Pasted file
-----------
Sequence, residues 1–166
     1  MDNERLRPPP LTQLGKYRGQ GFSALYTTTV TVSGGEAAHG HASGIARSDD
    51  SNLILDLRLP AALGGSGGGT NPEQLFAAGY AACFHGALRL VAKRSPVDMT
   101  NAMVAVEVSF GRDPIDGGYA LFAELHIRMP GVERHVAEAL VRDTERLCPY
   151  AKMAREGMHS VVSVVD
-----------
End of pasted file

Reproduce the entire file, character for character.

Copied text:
Sequence, residues 1–166
     1  MDNERLRPPP LTQLGKYRGQ GFSALYTTTV TVSGGEAAHG HASGIARSDD
    51  SNLILDLRLP AALGGSGGGT NPEQLFAAGY AACFHGALRL VAKRSPVDMT
   101  NAMVAVEVSF GRDPIDGGYA LFAELHIRMP GVERHVAEAL VRDTERLCPY
   151  AKMAREGMHS VVSVVD